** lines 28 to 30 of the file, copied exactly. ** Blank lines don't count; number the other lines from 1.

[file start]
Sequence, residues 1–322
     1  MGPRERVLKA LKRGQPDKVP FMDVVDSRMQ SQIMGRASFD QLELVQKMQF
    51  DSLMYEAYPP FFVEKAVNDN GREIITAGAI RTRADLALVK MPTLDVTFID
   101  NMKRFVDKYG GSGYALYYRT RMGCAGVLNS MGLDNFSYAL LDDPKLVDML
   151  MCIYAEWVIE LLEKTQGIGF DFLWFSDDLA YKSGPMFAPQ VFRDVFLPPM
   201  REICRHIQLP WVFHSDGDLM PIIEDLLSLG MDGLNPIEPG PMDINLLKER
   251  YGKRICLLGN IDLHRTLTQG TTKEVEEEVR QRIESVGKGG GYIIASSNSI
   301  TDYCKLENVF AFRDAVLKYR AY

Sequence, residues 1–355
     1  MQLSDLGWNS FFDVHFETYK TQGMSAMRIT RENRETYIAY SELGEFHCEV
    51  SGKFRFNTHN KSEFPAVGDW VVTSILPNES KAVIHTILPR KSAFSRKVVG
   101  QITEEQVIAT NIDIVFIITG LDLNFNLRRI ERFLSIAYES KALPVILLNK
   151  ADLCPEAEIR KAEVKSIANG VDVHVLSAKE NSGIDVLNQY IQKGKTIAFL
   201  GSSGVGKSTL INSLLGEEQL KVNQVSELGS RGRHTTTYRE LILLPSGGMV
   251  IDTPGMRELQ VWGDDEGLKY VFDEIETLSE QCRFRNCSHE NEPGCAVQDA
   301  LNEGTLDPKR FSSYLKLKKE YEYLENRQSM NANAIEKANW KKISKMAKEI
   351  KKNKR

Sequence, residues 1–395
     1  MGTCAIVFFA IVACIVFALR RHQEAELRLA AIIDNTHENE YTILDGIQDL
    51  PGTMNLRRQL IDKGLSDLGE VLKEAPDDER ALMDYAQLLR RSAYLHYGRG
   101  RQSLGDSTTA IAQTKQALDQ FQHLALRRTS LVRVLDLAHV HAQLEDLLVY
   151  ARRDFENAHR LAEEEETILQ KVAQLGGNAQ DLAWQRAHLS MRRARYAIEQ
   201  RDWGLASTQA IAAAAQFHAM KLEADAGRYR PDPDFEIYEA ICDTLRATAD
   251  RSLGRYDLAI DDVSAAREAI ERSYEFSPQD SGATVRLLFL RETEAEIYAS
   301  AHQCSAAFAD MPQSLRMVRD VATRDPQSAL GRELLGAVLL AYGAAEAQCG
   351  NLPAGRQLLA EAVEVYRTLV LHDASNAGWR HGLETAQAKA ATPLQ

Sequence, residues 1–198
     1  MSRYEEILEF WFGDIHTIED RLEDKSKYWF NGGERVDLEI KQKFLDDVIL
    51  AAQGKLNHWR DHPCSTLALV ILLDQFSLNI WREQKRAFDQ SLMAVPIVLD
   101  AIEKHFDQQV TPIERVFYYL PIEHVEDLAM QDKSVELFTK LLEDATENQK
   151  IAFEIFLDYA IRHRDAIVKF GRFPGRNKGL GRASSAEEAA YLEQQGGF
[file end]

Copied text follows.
     1  MSRYEEILEF WFGDIHTIED RLEDKSKYWF NGGERVDLEI KQKFLDDVIL
    51  AAQGKLNHWR DHPCSTLALV ILLDQFSLNI WREQKRAFDQ SLMAVPIVLD
   101  AIEKHFDQQV TPIERVFYYL PIEHVEDLAM QDKSVELFTK LLEDATENQK